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More than 1.1 million borrowers benefit from Mortgage Charter rules, FCA says

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  • 11/06/2024
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More than 1.1 million borrowers benefit from Mortgage Charter rules, FCA says
At least 1.1 million mortgages have benefitted from measures introduced by the Mortgage Charter, the regulator’s data showed.

According to the Financial Conduct Authority (FCA), this accounts for the number of borrowers who locked in a new fixed rate up to six months before their deal ended between July 2023, when the support was introduced, and April this year. 

Over the same time period, more than 284,000 borrowers who secured a new deal six months before their fixed rate matured then went on to obtain an alternative product. 

The Mortgage Charter was created to encourage lenders to help borrowers deal with rising costs. It has 49 signatories, which represent around 90% of the mortgage market. 

This included allowing borrowers to contact their lender for help without impacting their credit file and enabling borrowers who are up to date with payments to switch to a new mortgage when their fixed term ends without another affordability check.

 

Reducing payments 

It also gave borrowers the option to extend their mortgage term or switch to interest-only payments to reduce monthly outgoings, or temporarily defer payments.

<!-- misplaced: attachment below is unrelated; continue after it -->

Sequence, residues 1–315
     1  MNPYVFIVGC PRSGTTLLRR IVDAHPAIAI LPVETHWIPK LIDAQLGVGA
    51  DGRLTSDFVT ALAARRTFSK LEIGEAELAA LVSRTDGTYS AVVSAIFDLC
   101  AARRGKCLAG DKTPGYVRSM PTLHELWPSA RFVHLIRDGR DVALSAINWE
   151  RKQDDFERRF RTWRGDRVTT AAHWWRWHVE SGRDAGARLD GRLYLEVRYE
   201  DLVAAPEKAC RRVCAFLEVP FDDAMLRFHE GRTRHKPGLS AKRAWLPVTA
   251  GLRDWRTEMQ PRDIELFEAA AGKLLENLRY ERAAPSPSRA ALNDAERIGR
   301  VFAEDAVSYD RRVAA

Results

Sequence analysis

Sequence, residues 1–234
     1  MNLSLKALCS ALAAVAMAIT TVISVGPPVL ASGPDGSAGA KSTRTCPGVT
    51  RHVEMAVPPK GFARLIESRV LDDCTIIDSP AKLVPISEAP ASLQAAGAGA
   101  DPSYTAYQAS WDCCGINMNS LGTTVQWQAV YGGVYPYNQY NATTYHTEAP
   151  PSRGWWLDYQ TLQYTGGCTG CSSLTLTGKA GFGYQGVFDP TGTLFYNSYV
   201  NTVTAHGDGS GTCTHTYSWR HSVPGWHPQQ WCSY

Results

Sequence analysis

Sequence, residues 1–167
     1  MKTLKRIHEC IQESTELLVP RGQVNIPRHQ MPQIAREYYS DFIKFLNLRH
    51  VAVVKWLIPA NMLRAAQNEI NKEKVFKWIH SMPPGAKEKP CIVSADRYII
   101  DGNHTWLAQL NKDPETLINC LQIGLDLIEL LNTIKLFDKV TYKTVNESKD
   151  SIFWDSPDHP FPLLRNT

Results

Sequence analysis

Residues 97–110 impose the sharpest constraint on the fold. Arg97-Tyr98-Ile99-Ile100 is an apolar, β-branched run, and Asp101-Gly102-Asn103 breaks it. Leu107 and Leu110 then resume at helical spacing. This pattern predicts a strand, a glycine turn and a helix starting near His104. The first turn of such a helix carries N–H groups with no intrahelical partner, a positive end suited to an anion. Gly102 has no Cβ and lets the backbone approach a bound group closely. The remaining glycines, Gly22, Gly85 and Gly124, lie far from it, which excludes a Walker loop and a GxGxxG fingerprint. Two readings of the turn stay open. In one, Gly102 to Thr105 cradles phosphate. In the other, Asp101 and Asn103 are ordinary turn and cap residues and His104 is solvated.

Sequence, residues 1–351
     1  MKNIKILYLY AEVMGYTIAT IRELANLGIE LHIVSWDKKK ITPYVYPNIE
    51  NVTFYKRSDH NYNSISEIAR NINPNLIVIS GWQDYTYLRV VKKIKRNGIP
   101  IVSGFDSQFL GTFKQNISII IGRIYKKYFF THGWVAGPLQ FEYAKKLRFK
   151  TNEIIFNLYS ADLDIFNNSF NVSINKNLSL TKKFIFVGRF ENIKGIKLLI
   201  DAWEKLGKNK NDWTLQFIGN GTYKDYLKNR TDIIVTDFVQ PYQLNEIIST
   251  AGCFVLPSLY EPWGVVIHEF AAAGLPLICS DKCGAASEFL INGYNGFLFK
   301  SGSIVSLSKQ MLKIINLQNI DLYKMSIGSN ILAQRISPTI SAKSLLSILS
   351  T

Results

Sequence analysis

Since coming in, around 159,000 monthly mortgage payments were reduced as people temporarily moved to interest-only payments or extended their mortgage term. 

This accounts for 1.8% of regulated mortgage contracts, the regulator said. 

Its data showed that only 263 term extensions were reversed, which the FCA suggested meant borrowers wanting to reduce their mortgage payments were more likely to choose an interest-only payment period. 

Around 113,000 mortgages are still on temporarily reduced monthly payments due to the Mortgage Charter rules. 

 

Voluntary repossessions 

The Mortgage Charter also states that except in “exceptional circumstances”, borrowers will not be evicted from their homes without their consent less than a year from their first missed mortgage payment. 

Since the charter was introduced, 91 homes were repossessed within 12 months of the first missed payment. Lenders said these were for customer-driven reasons, such as voluntary repossessions and abandoned or vacant properties. 

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